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Acetylcholine chloride intraocular solution

Updated 2 Feb 2023 | Ocular peri-operative drugs


Powder for reconstitution containing acetylcholine chloride

Drugs List

  • acetylcholine chloride 20mg powder for ophthalmic solution
  • MIOCHOL-E 20mg powder for ophthalmic solution
  • MIPHTEL 20mg powder for ophthalmic solution
  • Therapeutic Indications


    Complete miosis in ocular anterior segment surgery



    Initial dose: 0.5ml to 2ml is satisfactory to produce miosis in seconds, and will last for approximately 20 minutes. A second application may be used if prolonged miosis is required.


    Not licensed for use in children.

    Additional Dosage Information

    Following surgery, if miosis is necessary it must be maintained by longer acting topical miotics such as pilocarpine or physostigmine.


    None known

    Precautions and Warnings

    Children under 18 years
    Cardiac failure
    Gastrointestinal disorder
    Peptic ulcer
    Urinary obstruction

    During cataract surgery: use only after delivery of the lens
    Aqueous solutions are unstable - prepare immediately before use
    Discard any unused portion
    Use only if the solution is clear and colourless
    Driving or operating machinery not advisable following treatment

    Pregnancy and Lactation


    Use acetylcholine chloride with caution in pregnancy.

    No reports of the use of acetylcholine irrigation in pregnancy have been located. It is a quaternary ammonium compound, and is ionised at physiologic pH. Transplacental passage in significant amounts is not anticipated.

    The use of all medication in pregnancy should be avoided whenever possible; particularly in the first trimester. Non-drug treatments should also be considered. When essential, a medication with the best safety record over time should be chosen, employing the lowest effective dose for the shortest possible time. Polypharmacy should be avoided. Teratogens taken in the pre-embryonic period, often quoted as lasting until 14 to 17 days post-conception, are believed to have an all-or-nothing effect. Where drugs have a short half-life, and when the date of conception is certain, this may allow women to be reassured where drug exposure has occurred within this time frame. Further advice may be available from the UK National Teratology Information Service (NTIS) and through ToxBase, available via password on the internet ( ) or if this is unavailable at the backup site ( ).


    Use acetylcholine chloride with caution in breastfeeding.

    No reports describing the use of acetylcholine during human lactation have been located. The risk to a nursing infant is probably nil and breastfeeding should be compatible.

    Neonates, infants born prematurely, those with low birth weight, those with an unstable gastrointestinal function or who have serious illnesses may require special consideration. For any infant, if a drug is prescribed to the nursing mother, it should be at the lowest practical dose and for the shortest time. When drug administration is unavoidable and breastfeeding is to continue, minimisation of exposure of the infant to the drug may sometimes be achieved by timing the maternal doses to just after a feeding episode. Infants exposed to drugs via breast milk should be monitored for unusual signs or symptoms. Interactions between the drug received by the infant from the mother's milk and medication prescribed for the infant should also be considered, for example, when the drug given to the infant may prevent metabolism of the drug received via breast milk.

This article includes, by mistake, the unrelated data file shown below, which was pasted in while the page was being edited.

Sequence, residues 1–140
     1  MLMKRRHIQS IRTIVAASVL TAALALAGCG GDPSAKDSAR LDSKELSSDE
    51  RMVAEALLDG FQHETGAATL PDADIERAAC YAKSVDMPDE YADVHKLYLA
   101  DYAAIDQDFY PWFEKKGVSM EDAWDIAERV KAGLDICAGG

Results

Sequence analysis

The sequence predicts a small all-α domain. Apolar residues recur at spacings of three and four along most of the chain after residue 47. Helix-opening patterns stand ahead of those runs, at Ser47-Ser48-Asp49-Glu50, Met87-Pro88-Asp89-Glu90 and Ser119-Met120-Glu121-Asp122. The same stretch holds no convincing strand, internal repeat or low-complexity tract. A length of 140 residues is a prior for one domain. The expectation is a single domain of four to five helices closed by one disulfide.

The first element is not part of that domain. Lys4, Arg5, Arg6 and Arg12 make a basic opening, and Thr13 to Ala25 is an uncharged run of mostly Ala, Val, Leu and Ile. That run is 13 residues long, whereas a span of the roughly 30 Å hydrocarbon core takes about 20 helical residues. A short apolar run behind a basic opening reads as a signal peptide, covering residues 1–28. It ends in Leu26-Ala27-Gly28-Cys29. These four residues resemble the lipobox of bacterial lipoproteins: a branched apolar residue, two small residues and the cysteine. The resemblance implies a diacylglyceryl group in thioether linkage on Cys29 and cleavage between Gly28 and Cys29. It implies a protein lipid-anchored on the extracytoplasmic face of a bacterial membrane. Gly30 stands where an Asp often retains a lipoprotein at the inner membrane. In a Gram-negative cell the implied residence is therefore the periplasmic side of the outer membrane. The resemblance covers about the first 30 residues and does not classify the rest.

Specialist advice is available from the UK Drugs in Lactation Advisory Service at

    Side Effects

    Corneal clouding
    Corneal decompensation
    Corneal oedema
    Respiratory difficulties


    It is strongly recommended that the UK National Poisons Information Service be consulted on cases of suspected or actual overdose where there is doubt over the degree of risk or about appropriate management.

    The following number will direct the caller to the relevant local centre (0844) 892 0111

    Information may be obtained if you have access to ToxBase the primary clinical toxicology database of the National Poisons Information Service. This is available via password on the internet ( ) or if this is unavailable at the backup site ( ).

    Further Information

    Last Full Review Date: May 2015.

    Reference Sources

    Drugs in Pregnancy and Lactation: A Reference Guide to Fetal and Neonatal Risk, 9th edition (2011) ed. Briggs, G., Freeman, R. and Yaffe, S. Lippincott Williams & Wilkins, Philadelphia.

    Summary of Product Characteristics: Miochol-E 20mg Powder and Solvent for Solution for Intraocular Irrigation. Bausch & Lomb U.K. Ltd. Revised May 2011.

    Summary of Product Characteristics: Miphtel 20mg powder and Solvent for Solution for Intraocular Irrigation. Farmigea S.p.A. for Alan Pharmaceuticals. Revised January 2010.

    NICE - Evidence Services
    Available at:
    Last accessed: 19 June 2017

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